4 Things To Keep In Mind When Pouring Concrete Pads In Winter

by Derrick Gordon

If you are doing home improvement projects all year round, concrete can present a unique challenge for you. You may not think that pouring concrete in the winter is possible, but if you keep the following pointers in mind, you can pour concrete pads even on very cold days.

Have the Right Supplies

The most important thing to do if you want to pour a concrete pad in the winter is to have the right supplies. Because the cold air can affect drying times, you must realize that the supplies that work in the summer may not work as well in the winter. For example, in the summer, you may not use any sub-base other than the dirt. In the winter, the dirt will absorb the heat of the concrete, which means that the concrete won't dry properly. To avoid that problem, you may choose to use a styrofoam sub-base. You might also need to get an accelerator such as calcium chloride so that the concrete sets more quickly.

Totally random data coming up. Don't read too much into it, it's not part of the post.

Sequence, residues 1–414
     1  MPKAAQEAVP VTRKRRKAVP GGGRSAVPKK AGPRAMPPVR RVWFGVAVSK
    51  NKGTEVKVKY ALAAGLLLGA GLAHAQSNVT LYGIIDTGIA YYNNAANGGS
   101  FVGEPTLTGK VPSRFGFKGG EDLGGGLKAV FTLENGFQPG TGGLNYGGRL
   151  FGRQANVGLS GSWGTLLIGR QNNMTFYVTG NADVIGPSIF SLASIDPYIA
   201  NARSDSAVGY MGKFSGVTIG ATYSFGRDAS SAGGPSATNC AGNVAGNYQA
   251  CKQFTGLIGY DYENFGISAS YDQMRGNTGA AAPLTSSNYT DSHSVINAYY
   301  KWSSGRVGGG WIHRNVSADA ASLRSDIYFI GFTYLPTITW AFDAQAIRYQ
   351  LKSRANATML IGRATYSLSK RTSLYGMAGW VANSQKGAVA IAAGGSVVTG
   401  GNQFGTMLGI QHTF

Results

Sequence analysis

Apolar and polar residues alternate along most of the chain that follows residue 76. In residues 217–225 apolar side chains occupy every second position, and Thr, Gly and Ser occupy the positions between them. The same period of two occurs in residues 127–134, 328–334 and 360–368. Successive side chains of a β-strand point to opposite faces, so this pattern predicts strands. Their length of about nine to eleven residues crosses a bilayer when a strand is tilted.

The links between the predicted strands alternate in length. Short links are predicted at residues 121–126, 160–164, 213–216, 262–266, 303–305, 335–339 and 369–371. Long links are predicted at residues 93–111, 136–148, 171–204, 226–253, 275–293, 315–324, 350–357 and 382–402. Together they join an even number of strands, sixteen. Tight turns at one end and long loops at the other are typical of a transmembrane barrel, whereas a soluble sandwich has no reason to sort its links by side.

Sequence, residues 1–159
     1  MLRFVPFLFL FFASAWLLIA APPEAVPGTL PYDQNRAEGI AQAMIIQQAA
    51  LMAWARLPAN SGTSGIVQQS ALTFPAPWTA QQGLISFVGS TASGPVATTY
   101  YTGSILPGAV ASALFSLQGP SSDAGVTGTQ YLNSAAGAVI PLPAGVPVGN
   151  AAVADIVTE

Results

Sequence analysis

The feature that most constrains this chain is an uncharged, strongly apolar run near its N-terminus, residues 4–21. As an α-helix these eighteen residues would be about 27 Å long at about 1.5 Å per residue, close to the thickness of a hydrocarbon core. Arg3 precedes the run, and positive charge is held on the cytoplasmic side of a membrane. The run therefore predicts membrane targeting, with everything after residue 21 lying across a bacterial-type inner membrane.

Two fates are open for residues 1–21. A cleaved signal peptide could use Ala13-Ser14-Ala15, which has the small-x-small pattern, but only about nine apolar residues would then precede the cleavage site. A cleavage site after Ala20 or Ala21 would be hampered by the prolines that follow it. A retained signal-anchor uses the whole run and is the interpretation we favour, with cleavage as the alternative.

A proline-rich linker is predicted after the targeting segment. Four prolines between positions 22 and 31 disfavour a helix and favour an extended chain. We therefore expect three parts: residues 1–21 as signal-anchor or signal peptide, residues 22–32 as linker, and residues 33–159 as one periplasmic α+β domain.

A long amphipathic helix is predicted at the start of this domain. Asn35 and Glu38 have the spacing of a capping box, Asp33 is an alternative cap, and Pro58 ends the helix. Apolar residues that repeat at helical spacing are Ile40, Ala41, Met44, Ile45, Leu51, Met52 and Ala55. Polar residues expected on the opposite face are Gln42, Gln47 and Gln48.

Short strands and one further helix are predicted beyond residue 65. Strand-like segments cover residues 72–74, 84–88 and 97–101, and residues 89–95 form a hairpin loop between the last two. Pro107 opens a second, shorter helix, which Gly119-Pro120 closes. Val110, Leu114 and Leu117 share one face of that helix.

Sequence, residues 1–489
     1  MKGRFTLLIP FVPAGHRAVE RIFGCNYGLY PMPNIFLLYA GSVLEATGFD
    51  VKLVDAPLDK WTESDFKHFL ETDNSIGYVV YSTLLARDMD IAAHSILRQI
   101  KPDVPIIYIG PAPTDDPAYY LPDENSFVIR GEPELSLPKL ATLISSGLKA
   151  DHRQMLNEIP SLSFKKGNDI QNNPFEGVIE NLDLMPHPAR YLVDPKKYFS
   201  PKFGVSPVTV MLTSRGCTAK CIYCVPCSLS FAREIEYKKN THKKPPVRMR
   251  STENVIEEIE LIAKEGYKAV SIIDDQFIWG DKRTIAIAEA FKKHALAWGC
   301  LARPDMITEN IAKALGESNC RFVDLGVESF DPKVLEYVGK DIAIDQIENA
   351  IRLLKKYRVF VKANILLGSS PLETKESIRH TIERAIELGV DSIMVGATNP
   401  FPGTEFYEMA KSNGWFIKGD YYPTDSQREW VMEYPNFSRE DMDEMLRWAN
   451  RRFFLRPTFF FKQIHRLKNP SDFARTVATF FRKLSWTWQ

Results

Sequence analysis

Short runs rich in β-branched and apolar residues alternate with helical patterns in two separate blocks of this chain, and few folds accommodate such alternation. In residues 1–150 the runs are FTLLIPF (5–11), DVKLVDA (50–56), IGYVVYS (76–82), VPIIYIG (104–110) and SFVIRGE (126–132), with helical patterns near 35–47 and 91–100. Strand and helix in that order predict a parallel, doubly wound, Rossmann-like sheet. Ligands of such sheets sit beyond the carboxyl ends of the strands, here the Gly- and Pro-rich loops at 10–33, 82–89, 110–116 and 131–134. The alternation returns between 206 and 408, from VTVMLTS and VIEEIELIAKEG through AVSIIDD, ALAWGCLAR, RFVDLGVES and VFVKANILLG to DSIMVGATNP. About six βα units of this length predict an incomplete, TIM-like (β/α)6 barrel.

Ensure the Sub-base Has Not Frozen

It is essential that you don't pour concrete on top of a sub-base that is frozen. If you do, you are setting yourself up for cracks and other concrete problems when it gets warm and the sub-base thaws.

Before you pour concrete, check your sub-base to make sure that it has not had time to freeze. You might decide to put down the sub-base right before pouring the concrete, instead of laying the sub-base in the days or weeks before you're ready to start the job.

Avoid Pouring Alone

You may think you can pour concrete on your own, but keep in mind that in the winter, you are fighting cold temperatures. The longer the concrete sits in the chute, the more chance it has of freezing there. The longer concrete sits, the colder it will be. You need to make sure the concrete doesn't have time to freeze while you're working with it; having friends help will get the concrete poured and troweled sooner so it can set properly instead of freezing before it's even poured.

Protect the Concrete After Pouring

Once you've got the concrete poured, you may think that it's safe to dry. However, remember you want the concrete to set well, not freeze. To make this happen, you can cover the entire concrete pad with insulating blankets. For even more protection, cover the blankets with a tarp and wood beams to ensure that wind doesn't blow anything away. Doing these things will keep the concrete from freezing and allow it to set properly.

Let the tips above help you to successfully pour a concrete pad in the wintertime. If you need help, get in touch with a local concrete contractor who can assist you in getting the project done well. For more information, contact Williamson Equipment or a similar company.